Once again, the most reliable indicator I know is flashing a sell signal for equities… I’m declaring my prediction — today is the top of the current rally in the stock market.

What’s the indicator you intelligently ask? I went long on a broad stock market index this morning! (more…)

As we know, the demographics in the US will have a large affect on investments due to shifting preferences as baby boomers retire. I just caught these random statistics from Newsweek…

  • There are 78 million baby boomers (around 26% of the total population)
  • Approximately 9 million boomers will retire in the next 10 years
  • Baby boomers make up 38% of US households
  • 78% of baby boomers own a home
  • Median Net Worth of baby boomer household: $149,500
  • Average value of a baby boomer house: $181,700
  • 11% of baby boomers plan to buy real estate within the next year

So, some quick math will tell you that the average baby boomer either hasn’t paid off their mortgage yet — the value of the house is greater than the net worth, or they have some other debt that makes the math work.

Likewise, while 9 million people retiring in the next 10 years is a large number, it is only a fraction of the total baby boomers. I’m not sure if the 9 million would-be-retirees would be the total number, or if a non-working spouse would be included (which raises the possible number to a theoretical 18 million).

The total net worth of all the baby boomers would be $1.35 trillion (assuming the median is not too far from the average). I would hope that those who are retiring within the next decade make up a larger portion of those above the median…

In case you haven’t heard, Bank of Ameica is offering stock trading without any commissions… Business Week. There are plenty of catches including account minimums and number of trades per year… Hopefully this will spur another round of commission competition as I don’t personally want to switch to BofA.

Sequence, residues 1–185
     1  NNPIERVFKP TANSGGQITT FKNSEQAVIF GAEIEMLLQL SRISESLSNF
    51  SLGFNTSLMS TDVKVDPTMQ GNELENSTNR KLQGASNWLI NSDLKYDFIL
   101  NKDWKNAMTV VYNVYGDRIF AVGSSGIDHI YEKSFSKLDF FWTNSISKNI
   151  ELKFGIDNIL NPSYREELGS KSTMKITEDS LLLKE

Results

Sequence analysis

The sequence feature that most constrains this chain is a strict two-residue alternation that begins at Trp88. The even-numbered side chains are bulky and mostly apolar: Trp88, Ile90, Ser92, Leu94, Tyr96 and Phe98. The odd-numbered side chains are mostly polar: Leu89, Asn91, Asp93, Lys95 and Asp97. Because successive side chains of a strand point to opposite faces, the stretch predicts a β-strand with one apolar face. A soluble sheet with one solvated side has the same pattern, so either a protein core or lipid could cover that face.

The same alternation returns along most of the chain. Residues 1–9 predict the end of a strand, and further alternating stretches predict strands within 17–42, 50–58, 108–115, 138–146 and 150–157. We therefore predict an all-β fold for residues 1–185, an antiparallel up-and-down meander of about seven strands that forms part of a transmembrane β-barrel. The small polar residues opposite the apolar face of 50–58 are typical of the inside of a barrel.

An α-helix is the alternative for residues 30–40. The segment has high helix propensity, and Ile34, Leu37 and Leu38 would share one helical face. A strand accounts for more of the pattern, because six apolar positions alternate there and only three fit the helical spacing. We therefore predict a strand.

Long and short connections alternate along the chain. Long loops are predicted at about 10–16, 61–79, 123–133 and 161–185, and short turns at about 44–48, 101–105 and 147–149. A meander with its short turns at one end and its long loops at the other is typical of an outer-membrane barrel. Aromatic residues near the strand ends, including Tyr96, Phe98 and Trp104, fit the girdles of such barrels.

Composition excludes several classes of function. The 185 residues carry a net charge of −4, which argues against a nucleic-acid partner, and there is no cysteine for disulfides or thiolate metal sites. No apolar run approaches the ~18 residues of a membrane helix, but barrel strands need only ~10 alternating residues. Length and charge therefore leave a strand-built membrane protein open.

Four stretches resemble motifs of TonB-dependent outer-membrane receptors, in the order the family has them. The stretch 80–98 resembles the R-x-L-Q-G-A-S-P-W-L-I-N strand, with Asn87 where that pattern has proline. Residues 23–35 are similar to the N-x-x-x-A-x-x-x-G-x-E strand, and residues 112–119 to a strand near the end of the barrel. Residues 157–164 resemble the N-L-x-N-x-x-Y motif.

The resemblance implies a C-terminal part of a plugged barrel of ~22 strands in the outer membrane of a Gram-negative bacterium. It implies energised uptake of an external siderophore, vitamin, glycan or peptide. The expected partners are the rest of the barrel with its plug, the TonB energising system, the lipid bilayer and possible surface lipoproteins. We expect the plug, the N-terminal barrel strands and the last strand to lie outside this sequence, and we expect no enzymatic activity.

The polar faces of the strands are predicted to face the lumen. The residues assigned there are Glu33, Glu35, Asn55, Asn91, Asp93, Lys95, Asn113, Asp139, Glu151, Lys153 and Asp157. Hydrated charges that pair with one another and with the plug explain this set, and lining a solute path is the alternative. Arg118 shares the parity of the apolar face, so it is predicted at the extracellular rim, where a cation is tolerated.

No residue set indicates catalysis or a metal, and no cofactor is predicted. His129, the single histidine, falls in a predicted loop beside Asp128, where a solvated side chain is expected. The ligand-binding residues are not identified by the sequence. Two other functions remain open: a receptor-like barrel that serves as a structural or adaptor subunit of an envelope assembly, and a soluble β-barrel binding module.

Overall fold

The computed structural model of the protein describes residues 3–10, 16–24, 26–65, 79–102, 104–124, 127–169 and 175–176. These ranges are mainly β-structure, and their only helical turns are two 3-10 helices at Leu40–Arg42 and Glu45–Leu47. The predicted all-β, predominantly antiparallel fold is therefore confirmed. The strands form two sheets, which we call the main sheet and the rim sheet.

Those of us who are cynical have to ask the question though… if the Bank is willing to give us free trades, where are they making their money from offering this service? Front-running my orders? Lower money market rates? Fees for other services?

When I first saw this chart of Manchester Inc.’s stock price, I thought it was a mistake… that some web developer was using this as a unit test of his charting site…

No, it is a real bulletin board stock, and yes, it really did go from $8 to $3 in two days.? No real reason for it either…? just traders riding the chart pattern and then all trying to get out at the same time.

PowerShares has recently released a new ETF called the G10 Currency Harvest Fund and it trades under the symbol DBV. Their website has a pretty good description of the fund; the fund tracks the Deutsche Bank G10 Currency Harvest Index. Despite tracking a very passive index, the fees are around 0.8% per year, which is not bad, but not low either.

The general strategy is to capture a carry trade without leverage. The index goes long the three highest yielding major currencies and short the three lowest yielding currencies. Right now the index is long the US Dollar, New Zealand, and Australia. It is short the Japanese Yen, the Swedish Krona, and the Swiss Franc.

DBV is not as sophisticated as the Uberman Portfolio Quicksilver has developed, but it’s available to retail investors today via a traditional brokerage account.

This one should be worth watching to see how well it performs, as well as how well it tracks the index. I’m curious if one could beat their performance by simply opening up an account at OANDA and following the index yourself…

When working on my data for analyzing liquidity, I calculated the yield spread as TNX – IRX (10 year minus 3 month), where StockCharts provides an easy way to see TNX / IRX (10 year divided by 3 month)… and this got me thinking about my post a while ago on inflation expectations… it seems as though I may have made a minor mistake in my analysis… which leads to a major mistake in my conclusion. Mea culpa. (more…)